• Be of value, whether it’s saving them money by intermittently offering deals or providing them with content that only your brand can provide.

(Bulygo, 2012)


Bulygo, Z. (2012, March 23). What Can You Learn from These 6 Companies That Thrive On Twitter? Retrieved from KISSmetrics,:

Li, C., & Bernoff, J. (2011). Groundswell: Winning in a world transformed by social technologies. Boston: Harvard Business Press.

Chapter 8: Helping the Groundswell Support itself

group_meeting_puzzle_final_step-resized-600In chapter 8, Helping the Groundswell support itself, Li and Bernoff discusses about the difference between traditional support versus groundswell support. Traditional support is an effective way of providing help to customers. However, the cost of providing telephone support service can be very expensive. According to Elizabeth Herrell, an average call to a company’s call center costs $6 or $7 while a technical support call costs $10 to $20 (Li & Bernoff, 2011). The groundswell support is a model that provides a cheaper and more engaging alternative. It is typically in a form of online forum, wiki, or Q&A website. The authors suggest two trends that can reduce support cost:

  1. Web self-service revolution – companies send people to their Web sites that contain huge amount of product and problem-solving information.
  2. Outsourcing – moving support calls oversea. As companies trying to reduce their support cost, people help each other to solve problems. “People are far more willing to trust each other than a company… people are willing to spend lots of time helping each other.” (Li & Bernoff, 2011, p. 158).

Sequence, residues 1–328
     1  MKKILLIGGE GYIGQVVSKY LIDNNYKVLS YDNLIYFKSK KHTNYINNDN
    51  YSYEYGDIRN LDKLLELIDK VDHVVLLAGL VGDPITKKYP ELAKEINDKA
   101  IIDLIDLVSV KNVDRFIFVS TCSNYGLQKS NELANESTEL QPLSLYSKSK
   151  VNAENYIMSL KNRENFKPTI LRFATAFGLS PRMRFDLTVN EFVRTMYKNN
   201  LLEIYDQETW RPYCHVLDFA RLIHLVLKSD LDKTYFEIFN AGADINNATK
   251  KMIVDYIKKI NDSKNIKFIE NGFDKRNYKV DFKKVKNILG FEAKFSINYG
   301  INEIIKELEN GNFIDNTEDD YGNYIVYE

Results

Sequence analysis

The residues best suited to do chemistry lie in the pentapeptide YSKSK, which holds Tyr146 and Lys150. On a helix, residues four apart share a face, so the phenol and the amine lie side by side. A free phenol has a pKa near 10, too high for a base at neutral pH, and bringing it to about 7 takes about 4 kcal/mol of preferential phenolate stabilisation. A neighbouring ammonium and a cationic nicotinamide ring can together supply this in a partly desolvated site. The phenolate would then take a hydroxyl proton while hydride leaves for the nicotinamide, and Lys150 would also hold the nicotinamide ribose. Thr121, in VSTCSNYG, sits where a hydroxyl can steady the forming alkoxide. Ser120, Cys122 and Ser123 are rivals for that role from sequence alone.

Here are practical advises for building a community for support:

  • Start small, but plan for a larger presence – build around your product lines, understand your customers before expanding your presence to support other products and recognize you supporting people across your product lines.
  • Reach out to your most active customers – ask your customers how they’d prefer to participate and if you have a celebrity customer reach out and secure their participation in advance.
  • Plan to drive traffic to your community – advertise on sites where most of your customers shop.
  • Build in a reputation system – encourage user to participate and behave in the right manner.
  • Let your customers lead you – customers will tell you how the community should be run and let you know what’s right and wrong.

(Li & Bernoff, 2011).

Dragon Age: Inquisition online community

There are countless video game wikis around the internet. The screenshot below is a wiki on BioWare’s Dragon Age: Inquisition. It serves as a huge collection of database dedicated to provide gamers with information about its gameplay, system requirements, news, and companies involved in the production. It also facilitate activities such as forums for gaming community to communicate and share their experience with each other, news articles to provide recent updates and upcoming DLCs, and editing to help the wiki’s administrator update new content and information in the wiki.



It is important to properly manage the online community in order to support visitors. Activities within the community will provide new content for gamers. This can create traffic and links that can help boost search engine on the game. Be sure to establish reputation and ensure the integrity of information. Overall, staff members should monitor the activities in the wiki and answer customer inquiries. After all customers’ participation is essential to the growth of the gaming community.


Li, C., & Bernoff, J. (2011). Groundswell: Winning in a world transformed by social technologies. Boston, Mass.: Harvard Business Press.

Chapter 6: Talking with the Groundswell